Download the programme specification. If you would like an earlier version of the programme specification, please contact the Quality Office.

Please note that due to staff research commitments not all of these modules may be available every year.

For 2021-22 and 2020–21, we have made some changes to how the teaching and assessment of certain programmes are delivered. To check what changes affect this programme, please visit the programme changes page.

Entry requirements

First or upper second-class honours degree (or equivalent undergraduate degree) in a relevant discipline. Applicants might also be considered if they aren’t a graduate or their degree is in an unrelated field, but have relevant experience and can demonstrate the ability to work at postgraduate level.

A-levels in Science, Computer Science or Mathematics

Applications will be reviewed on a case-by-case basis. Depending on previous background and experience, applicants may be required to take one or more pre-sessional courses (for example in programming, statistics, or maths) prior to the start of the programme. These courses will be free to MSc offer holders.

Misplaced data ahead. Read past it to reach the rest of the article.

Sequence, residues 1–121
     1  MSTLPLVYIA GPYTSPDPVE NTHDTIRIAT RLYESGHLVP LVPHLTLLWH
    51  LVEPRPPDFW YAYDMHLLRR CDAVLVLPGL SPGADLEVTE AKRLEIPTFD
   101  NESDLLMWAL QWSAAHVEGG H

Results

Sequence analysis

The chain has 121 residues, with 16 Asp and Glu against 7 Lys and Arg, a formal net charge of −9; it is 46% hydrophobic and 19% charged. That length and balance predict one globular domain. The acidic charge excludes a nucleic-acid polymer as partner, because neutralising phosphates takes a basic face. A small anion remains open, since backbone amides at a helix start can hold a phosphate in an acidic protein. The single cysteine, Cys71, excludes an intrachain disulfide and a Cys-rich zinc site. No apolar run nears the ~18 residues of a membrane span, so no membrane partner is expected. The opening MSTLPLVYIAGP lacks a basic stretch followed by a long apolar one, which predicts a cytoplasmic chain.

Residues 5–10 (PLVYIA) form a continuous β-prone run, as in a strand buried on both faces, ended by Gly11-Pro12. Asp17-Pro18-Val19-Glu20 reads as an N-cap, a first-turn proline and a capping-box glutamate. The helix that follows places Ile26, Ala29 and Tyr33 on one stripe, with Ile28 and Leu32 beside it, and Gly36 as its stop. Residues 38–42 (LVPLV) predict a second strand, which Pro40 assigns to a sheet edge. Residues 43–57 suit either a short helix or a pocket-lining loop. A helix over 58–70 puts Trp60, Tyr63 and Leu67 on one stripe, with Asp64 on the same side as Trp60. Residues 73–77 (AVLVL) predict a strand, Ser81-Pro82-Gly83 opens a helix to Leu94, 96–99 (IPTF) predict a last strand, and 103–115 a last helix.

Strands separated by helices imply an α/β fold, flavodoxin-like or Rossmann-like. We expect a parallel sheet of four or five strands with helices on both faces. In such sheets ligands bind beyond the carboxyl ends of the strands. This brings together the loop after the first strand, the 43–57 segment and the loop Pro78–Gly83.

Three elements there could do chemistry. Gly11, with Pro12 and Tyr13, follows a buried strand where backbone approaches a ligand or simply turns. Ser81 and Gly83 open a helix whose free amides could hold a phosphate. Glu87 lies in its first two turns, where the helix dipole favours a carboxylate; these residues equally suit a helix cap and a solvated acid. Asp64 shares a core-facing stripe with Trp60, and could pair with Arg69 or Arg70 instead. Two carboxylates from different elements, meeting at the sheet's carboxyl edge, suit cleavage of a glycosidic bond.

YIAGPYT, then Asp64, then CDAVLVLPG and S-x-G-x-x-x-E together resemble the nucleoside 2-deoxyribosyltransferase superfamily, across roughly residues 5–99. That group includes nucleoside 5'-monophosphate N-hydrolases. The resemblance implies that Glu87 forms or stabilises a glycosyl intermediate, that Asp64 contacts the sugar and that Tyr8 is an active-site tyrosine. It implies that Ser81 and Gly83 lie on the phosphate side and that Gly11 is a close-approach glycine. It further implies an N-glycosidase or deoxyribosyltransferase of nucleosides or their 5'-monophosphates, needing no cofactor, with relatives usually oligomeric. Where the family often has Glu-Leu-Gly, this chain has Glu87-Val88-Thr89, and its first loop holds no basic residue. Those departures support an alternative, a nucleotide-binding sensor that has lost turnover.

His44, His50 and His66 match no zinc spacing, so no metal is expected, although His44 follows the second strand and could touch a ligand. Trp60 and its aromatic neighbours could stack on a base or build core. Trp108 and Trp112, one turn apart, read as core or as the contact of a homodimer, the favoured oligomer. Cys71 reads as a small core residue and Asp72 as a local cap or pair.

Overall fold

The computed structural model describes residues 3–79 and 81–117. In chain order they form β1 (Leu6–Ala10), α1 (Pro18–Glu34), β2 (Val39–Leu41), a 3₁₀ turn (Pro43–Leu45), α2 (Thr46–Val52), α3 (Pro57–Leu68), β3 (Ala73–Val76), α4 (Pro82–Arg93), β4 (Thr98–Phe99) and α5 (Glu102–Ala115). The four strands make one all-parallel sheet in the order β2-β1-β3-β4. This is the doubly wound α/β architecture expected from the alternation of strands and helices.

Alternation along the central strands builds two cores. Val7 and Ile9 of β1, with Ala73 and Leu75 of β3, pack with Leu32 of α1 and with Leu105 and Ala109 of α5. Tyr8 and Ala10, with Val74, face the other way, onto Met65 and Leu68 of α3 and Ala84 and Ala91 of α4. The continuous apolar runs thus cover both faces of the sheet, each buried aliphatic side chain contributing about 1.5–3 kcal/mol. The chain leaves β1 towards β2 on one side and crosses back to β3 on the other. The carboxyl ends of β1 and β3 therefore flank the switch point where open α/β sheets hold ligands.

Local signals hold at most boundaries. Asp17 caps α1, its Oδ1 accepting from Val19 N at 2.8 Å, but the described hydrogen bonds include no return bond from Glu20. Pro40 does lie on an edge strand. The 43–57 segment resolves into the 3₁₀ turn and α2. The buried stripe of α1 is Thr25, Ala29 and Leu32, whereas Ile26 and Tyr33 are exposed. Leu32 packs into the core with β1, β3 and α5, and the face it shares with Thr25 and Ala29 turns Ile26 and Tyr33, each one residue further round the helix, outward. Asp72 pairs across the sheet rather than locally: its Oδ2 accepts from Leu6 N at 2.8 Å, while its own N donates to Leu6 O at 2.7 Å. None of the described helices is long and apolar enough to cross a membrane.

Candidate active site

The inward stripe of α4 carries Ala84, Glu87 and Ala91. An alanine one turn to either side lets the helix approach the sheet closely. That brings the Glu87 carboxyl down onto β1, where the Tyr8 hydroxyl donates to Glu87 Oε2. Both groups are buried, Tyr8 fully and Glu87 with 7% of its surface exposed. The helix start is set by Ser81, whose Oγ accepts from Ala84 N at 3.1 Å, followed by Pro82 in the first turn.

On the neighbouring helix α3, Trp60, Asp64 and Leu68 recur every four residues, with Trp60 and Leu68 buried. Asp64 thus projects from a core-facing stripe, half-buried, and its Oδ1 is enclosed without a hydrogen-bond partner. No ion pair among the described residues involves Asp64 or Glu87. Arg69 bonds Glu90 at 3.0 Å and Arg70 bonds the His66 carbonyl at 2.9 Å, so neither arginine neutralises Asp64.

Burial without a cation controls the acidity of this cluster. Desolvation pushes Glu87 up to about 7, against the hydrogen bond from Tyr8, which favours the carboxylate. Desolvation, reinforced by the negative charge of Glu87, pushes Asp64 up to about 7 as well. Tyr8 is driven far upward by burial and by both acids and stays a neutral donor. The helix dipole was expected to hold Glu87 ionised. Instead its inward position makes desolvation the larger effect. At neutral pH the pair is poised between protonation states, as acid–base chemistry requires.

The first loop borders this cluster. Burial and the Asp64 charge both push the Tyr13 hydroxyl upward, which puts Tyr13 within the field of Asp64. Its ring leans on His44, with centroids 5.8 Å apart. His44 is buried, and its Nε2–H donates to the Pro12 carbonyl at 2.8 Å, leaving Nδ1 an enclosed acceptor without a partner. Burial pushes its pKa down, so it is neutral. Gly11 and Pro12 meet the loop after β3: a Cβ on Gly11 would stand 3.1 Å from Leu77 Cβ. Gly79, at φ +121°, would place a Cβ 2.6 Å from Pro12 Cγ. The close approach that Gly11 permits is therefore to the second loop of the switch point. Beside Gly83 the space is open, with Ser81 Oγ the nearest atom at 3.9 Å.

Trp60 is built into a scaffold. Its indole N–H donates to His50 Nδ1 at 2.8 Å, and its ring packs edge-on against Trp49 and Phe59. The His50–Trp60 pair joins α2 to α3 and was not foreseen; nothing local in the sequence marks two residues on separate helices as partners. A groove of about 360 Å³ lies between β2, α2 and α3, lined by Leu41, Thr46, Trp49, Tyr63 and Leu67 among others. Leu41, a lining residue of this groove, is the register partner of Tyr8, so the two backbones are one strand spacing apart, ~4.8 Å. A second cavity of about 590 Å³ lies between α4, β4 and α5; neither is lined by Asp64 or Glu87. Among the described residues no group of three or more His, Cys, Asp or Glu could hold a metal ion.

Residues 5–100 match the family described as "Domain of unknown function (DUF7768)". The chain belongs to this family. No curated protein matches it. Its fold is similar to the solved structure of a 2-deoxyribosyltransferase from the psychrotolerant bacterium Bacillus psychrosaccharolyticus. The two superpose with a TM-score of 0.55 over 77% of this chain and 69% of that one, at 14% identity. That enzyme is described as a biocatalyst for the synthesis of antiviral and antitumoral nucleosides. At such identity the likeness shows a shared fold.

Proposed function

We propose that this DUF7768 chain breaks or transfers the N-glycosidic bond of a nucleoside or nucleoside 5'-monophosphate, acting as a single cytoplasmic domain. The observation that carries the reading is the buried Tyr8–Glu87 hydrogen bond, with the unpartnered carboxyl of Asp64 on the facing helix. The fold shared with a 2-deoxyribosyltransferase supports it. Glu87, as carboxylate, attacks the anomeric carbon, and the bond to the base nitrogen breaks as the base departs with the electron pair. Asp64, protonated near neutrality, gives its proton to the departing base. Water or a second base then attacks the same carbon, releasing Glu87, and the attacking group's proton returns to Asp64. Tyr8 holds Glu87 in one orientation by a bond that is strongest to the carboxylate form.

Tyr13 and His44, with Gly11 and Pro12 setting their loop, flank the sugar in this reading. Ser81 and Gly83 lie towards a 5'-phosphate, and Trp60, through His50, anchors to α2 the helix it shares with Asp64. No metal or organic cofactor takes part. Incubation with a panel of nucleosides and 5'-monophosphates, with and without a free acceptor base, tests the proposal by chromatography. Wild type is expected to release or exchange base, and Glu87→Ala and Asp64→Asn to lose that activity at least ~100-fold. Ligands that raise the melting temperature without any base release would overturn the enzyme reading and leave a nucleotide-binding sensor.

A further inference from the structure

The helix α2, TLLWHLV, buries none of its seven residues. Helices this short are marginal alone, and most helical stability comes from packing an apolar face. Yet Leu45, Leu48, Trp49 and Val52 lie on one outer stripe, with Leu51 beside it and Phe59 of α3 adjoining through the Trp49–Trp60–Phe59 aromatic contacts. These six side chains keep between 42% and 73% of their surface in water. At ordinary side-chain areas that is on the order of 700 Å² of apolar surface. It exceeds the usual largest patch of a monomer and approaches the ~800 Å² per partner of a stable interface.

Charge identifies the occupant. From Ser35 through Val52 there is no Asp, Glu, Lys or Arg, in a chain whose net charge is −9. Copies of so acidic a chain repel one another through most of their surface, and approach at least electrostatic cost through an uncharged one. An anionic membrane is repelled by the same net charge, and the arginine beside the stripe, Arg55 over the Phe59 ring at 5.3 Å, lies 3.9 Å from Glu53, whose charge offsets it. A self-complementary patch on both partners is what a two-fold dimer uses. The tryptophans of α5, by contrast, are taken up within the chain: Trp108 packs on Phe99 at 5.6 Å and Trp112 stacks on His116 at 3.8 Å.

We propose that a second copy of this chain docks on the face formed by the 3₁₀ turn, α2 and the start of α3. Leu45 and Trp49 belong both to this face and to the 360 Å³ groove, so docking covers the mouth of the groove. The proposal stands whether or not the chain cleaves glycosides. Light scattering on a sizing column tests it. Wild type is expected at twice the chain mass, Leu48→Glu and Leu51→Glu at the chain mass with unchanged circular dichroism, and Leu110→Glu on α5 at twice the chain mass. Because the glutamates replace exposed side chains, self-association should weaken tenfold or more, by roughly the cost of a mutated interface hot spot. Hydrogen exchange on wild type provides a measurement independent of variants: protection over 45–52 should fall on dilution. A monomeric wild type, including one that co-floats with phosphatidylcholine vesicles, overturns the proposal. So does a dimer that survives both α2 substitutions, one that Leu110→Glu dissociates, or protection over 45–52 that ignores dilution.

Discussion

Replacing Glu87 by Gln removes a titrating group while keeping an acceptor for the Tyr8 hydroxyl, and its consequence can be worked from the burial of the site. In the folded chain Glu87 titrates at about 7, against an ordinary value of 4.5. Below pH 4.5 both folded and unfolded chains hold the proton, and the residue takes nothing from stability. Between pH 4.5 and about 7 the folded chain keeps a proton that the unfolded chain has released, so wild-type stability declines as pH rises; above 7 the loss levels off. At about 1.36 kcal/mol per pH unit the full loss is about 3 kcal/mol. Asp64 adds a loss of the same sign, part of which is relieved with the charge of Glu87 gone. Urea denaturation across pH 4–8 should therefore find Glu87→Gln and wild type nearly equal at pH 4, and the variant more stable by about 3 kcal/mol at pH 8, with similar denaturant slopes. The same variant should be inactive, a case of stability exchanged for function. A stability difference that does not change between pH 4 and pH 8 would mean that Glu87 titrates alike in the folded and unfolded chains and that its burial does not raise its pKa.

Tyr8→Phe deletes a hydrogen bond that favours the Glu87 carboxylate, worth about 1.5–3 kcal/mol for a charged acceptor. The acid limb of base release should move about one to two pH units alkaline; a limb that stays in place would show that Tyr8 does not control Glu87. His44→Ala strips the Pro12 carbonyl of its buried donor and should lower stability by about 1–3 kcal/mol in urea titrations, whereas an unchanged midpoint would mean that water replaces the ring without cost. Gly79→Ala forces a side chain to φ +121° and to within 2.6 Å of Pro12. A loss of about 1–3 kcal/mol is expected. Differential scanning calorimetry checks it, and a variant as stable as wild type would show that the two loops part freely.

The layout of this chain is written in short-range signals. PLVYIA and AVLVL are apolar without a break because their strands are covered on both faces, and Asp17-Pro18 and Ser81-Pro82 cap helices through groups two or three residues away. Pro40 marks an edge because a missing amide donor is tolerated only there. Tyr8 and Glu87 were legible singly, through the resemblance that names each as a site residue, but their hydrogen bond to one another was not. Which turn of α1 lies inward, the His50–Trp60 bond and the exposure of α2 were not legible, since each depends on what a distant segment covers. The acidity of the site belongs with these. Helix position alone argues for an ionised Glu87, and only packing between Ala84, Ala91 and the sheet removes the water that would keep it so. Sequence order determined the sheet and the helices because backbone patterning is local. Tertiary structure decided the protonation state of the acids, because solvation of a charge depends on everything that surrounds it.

International qualifications

We accept a wide range of international qualifications. Find out more about the qualifications we accept from around the world.

If English isn’t your first language, you will need an IELTS score (or equivalent English language qualification) of 6.5 with a 6.5 in writing and no element lower than 6.0 to study this programme. If you need assistance with your English language, we offer a range of courses that can help prepare you for postgraduate-level study.

Fees, funding & scholarships

Annual tuition fees

These are the fees for students starting their programme in the 2022/2023 academic year.

  • Home - full-time: £11200